Legal Thoughts

What to Do if You’ve Suffered an Injury at Work: Advice for Injured Workers

By Josh Harper, Attorney

High angle view of mid adult worker suffering from leg pain by storage tank steps in park

For my first blog post, I was planning to write an article about what an injured worker should do if they have suffered an injury during a workplace accident.

It turns out that the North Carolina Industrial Commission (the state agency that is responsible for handling workers’ compensation claims) and the North Carolina Bar Association (one of the major professional groups for attorneys) have already written articles about that exact topic.

So instead of writing an article on that topic, I thought I’d post links to those articles (provided at the end of this post). Before I do, here are three additional pieces of advice for injured workers:

  1. Report the injury to your employer. The first link gives more details about how to do this, but I wanted to mention it here also because it’s so important. Without reporting the injury, it may be difficult for you to get the necessary medical care. Check out the first link at the end of this post for instructions on how to report your injury.
  2. Take pictures. Your case may involve lots of doctors, but it will ultimately be decided by a Deputy Commissioner or the Full Commission. The Commissioners are administrative judges, meaning that they are trained as lawyers, not doctors. My father (Richard B. Harper, the managing partner here at The Harper Law Firm, PLLC) spent two years as Deputy Commissioner. Dad recently reminded me of the old saying that “a picture is worth a thousand words.”

That’s definitely true in the legal world. If you can get pictures of the accident, or of yourself before or after injury, those pictures can have a powerful impact by helping a judge understand the seriousness of your injury. In addition, early pictures of bruising and other injuries can even help the doctors diagnose less obvious injuries.

  1. As soon as possible, tell your doctor about all the body parts that you hurt. It’s human nature to focus on the body part that hurts the most. When I was in the Army, experienced Soldiers would talk about the importance of shooting the 50 meter target versus worrying about a 300 meter target. The point was that you need to worry about the most important issue before worrying about other things.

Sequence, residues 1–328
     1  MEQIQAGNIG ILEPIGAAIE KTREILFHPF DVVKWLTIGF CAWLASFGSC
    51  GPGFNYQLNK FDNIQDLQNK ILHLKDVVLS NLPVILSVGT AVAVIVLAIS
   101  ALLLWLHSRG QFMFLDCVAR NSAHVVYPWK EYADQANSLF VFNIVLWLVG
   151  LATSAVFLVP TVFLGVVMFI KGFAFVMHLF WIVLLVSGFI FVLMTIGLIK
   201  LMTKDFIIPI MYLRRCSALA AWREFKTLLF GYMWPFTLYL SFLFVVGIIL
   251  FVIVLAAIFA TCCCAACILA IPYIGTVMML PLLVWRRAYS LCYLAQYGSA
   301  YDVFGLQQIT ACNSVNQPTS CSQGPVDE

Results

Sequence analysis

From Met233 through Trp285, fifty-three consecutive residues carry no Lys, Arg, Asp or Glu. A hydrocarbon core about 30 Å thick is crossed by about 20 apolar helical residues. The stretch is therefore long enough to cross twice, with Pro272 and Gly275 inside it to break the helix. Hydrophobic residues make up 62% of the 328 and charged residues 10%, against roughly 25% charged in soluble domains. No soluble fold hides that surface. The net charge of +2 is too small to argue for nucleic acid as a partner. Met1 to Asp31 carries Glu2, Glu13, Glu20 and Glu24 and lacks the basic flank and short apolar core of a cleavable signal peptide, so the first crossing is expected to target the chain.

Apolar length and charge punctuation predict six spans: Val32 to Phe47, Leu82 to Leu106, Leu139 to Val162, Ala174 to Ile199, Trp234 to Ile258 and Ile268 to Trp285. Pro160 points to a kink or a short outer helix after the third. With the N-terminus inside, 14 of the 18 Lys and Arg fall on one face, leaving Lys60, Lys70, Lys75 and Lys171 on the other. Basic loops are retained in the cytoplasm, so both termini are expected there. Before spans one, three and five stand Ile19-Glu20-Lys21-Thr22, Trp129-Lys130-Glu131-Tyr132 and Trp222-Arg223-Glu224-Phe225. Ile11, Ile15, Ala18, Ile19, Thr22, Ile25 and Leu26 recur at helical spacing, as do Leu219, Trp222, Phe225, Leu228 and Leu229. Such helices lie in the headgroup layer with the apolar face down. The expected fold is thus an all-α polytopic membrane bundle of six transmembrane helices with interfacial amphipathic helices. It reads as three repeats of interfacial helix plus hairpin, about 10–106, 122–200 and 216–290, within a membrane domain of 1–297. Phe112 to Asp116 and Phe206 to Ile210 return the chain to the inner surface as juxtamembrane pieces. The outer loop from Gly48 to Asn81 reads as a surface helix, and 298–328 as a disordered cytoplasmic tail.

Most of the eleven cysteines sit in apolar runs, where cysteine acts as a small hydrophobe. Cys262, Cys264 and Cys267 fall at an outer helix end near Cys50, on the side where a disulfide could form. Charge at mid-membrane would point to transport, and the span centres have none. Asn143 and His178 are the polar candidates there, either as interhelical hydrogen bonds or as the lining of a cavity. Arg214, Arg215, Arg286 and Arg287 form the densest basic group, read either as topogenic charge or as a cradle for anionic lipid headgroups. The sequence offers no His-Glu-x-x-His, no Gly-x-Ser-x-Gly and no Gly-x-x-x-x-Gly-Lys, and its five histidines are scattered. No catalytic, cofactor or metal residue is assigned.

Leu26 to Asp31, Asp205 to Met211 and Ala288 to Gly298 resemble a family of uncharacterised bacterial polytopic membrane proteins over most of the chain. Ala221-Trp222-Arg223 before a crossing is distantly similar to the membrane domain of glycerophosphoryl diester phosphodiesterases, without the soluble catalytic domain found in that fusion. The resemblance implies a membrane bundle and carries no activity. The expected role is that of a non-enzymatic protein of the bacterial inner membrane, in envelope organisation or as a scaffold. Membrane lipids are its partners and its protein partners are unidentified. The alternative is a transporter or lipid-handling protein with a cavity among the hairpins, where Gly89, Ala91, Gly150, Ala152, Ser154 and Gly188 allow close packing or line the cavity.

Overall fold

That’s usually good advice, but not in a workers’ compensation case. Often an employee suffers an injury to their back, but it also causes knee pain or foot pain. If the employee only talks about the back injury, then that makes it difficult when the employee later needs treatment for the knee or foot.

Obviously, focus on the body part that is most seriously injured, but try to make sure that your doctor’s notes include every body part that was hurt in your accident.

  1. If you can’t go back to your old job, look for other jobs. Let’s say you got seriously hurt and can’t return to your old job. Even if your doctor has issued permanent restrictions, and even if you don’t think there is anywhere you should work, try to find other jobs.

There are a lot of different reasons to look for some job that you can perform. If you can find something to do, then it will probably help your mood to get out of the house. Being around your co-workers is probably going to make you feel better. Who knows – you might find a new career that you love.

Even if you can’t find a job, if you look for jobs and keep a written record showing the jobs you’ve applied for, then it is good evidence that you want to work and would be working if you could. Later on, if the insurance company tries to cut off your benefits, it will impress a judge if you have records showing that you have been looking for work.

As a side note, when you are applying for jobs, if a potential employer asks about your physical limitations, you are legally required to tell them about any restrictions that your doctor has placed on you (for example, “no lifting over 25 pounds”). See N.C.G.S. 97-12.1.

Here’s the information you want to include in your job search log, with a couple of examples:

Job Title Company Date Applied Company Representative I Spoke To Did I Get an Interview or Job Offer Reason Employer Gave for Not Offering the Job
Head Coach Carolina Panthers April 16, 2019 GM Bob Jones Interview, but no job offer Said another candidate was more qualified
Head Chef Restaurante Delicioso April 17, 2019 Restaurant owner Jane Smith No interview Told I needed cooking experience


Without further ado, here are some really useful links for injured workers:

  • “What must an employee do when an injury occurs? Report the injury to the employer, orally and in writing, immediatelyand in any event within 30 days.” North Carolina Industrial Commission, Frequently Asked Questions (accessed April 16, 2019), available at: